24 MAR 2011
By Andrew Willis
EUOBSERVER / BRUSSELS - A leading anti-corruption campaigner and acting MEP has said the European Parliament must substantially overhaul its rules following the latest corruption scandal, including an end to the practice of MEPs holding additional jobs.
In future, European deputies should be banned from all other paid activities, centre-right MEP Monica Macovei told EUobserver in a telephone interview on Wednesday (23 March).
"MEPs have five years in the European parliament to legislate for EU citizens. It's a full-time job and I don't see why they should have another one in parallel," Macovei said.
"We have salaries, we are paid to do this," added the former Romanian minister of justice (2004-2007) who won international plaudits for her efforts to root out high level corruption, including when cabinet colleagues were implicated.
Under currently parliamentary rules, MEPs can engage in a wide range of paid activities in addition to their legislative duties, so long as they are declared in the register of members' financial interests.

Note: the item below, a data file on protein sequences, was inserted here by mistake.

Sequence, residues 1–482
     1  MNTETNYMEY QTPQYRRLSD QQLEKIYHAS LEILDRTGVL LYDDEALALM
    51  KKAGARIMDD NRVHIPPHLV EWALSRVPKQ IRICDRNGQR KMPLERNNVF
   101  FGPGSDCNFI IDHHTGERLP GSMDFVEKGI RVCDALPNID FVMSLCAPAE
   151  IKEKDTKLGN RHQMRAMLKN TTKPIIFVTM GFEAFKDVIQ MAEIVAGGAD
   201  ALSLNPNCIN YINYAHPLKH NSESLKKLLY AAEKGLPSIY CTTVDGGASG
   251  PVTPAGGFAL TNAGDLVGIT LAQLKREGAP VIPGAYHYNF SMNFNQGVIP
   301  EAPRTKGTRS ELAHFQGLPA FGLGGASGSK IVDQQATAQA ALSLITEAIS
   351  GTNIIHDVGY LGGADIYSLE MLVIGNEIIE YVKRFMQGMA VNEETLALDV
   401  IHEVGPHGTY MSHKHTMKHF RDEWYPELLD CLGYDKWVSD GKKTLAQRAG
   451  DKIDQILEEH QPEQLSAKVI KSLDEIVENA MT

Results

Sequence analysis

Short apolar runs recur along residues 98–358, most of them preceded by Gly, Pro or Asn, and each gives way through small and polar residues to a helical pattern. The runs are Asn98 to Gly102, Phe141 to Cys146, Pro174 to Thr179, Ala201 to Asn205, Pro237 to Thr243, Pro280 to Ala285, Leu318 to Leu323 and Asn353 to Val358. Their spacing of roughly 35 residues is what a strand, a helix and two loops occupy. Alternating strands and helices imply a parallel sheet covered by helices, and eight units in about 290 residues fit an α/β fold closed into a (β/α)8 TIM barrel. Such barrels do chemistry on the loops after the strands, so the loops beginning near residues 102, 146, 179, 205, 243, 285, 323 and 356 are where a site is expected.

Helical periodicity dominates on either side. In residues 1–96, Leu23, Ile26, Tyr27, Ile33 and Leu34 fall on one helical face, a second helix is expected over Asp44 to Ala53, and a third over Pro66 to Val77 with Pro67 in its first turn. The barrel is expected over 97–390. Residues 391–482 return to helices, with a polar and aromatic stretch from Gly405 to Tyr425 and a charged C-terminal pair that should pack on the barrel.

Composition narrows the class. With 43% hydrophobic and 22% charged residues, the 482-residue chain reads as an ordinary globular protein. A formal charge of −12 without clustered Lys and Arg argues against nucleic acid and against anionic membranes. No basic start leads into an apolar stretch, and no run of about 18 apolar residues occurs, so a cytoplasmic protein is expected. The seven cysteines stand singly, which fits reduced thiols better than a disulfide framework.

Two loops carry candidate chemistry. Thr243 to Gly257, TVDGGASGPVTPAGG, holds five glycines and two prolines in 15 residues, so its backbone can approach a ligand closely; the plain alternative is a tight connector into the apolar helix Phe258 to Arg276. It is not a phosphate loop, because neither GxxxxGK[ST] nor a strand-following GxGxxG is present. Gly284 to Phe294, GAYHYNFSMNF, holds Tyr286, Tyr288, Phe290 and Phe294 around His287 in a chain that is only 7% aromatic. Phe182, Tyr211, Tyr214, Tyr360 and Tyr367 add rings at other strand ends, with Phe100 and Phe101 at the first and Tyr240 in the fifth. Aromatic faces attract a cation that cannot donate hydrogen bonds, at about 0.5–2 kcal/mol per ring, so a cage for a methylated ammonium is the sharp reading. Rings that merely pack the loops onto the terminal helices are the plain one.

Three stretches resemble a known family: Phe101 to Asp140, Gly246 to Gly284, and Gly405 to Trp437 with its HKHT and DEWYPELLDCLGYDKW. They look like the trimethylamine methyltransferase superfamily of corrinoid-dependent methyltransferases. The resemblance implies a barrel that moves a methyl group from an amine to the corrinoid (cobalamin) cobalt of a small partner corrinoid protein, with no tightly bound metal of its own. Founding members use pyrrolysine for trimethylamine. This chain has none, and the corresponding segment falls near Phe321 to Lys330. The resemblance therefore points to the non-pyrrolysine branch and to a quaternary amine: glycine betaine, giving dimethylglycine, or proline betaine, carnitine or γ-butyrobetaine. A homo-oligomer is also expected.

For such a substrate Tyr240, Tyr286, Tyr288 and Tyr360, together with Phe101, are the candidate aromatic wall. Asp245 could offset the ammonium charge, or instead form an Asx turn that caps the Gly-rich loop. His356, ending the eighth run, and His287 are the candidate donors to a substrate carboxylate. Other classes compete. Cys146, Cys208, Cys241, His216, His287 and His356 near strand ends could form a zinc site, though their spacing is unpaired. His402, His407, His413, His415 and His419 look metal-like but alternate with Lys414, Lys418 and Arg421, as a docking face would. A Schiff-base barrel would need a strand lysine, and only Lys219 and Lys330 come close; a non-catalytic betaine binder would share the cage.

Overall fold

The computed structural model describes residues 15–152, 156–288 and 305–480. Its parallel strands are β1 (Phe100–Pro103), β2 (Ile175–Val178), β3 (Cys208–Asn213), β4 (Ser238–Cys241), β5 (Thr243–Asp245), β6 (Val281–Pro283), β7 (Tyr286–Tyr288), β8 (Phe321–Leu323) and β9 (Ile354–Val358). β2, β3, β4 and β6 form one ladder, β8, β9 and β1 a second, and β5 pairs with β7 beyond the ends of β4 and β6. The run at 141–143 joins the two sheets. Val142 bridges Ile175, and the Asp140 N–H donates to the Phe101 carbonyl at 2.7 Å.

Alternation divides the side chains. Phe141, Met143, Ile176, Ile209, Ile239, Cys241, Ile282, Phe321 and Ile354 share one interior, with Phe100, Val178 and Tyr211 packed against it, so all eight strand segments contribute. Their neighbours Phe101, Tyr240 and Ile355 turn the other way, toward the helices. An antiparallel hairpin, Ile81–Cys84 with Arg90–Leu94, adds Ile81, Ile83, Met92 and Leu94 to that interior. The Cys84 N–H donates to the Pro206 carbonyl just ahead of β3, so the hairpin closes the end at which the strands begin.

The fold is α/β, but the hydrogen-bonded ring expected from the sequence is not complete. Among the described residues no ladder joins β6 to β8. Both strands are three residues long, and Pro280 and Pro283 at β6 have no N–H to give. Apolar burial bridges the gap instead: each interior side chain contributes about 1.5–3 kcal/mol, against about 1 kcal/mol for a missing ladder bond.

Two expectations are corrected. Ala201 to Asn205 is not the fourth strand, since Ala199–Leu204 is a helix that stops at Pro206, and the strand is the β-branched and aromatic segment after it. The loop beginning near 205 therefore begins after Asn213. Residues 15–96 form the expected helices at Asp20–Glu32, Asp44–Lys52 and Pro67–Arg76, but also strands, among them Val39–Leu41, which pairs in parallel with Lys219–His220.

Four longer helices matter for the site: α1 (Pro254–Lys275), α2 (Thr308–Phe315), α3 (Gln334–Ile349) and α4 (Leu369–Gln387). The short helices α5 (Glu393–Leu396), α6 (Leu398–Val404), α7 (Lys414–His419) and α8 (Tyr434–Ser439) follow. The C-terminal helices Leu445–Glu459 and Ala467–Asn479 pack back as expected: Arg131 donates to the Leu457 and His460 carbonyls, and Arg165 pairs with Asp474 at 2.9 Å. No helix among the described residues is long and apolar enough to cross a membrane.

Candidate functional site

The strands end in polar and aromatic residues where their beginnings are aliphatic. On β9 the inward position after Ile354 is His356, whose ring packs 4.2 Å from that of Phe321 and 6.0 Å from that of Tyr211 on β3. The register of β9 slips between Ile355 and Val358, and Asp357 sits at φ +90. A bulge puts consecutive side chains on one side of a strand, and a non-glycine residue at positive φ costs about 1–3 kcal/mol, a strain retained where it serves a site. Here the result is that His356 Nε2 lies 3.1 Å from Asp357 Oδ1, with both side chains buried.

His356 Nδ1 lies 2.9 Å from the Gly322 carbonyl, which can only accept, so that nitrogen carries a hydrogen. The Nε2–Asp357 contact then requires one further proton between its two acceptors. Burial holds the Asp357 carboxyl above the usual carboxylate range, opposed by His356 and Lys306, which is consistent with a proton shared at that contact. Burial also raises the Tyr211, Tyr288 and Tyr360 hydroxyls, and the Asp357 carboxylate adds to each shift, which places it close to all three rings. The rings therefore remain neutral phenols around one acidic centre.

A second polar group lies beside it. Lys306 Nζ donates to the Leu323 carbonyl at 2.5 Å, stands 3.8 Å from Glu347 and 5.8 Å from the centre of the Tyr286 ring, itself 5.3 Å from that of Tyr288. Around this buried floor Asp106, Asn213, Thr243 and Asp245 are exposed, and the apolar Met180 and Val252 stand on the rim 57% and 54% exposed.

"An MEP who speaks in a meeting of a parliamentary body on a subject in which they have a direct financial interest must declare that interest orally at that point," says parliamentary spokesman Jaume Duch.
An undercover investigation by the Sunday Times suggests that at least three MEPs were willing to file legislative amendments in return for money from fake lobbyists however, with reports suggesting more MEPs are set to be exposed in the coming days.
Austrian centre-right euro-deputy Ernst Strasser and Slovenian Socialist Zoran Thaler have since resigned, while Romanian Socialist MEP Adrian Severin has been expelled from parliament's Socialist group. All three have denied wrongdoing.
Severin is a former deputy prime minister and foreign affairs minister, and was a contender for the EU's foreign policy job of high representative, eventually handed to Catherine Ashton.
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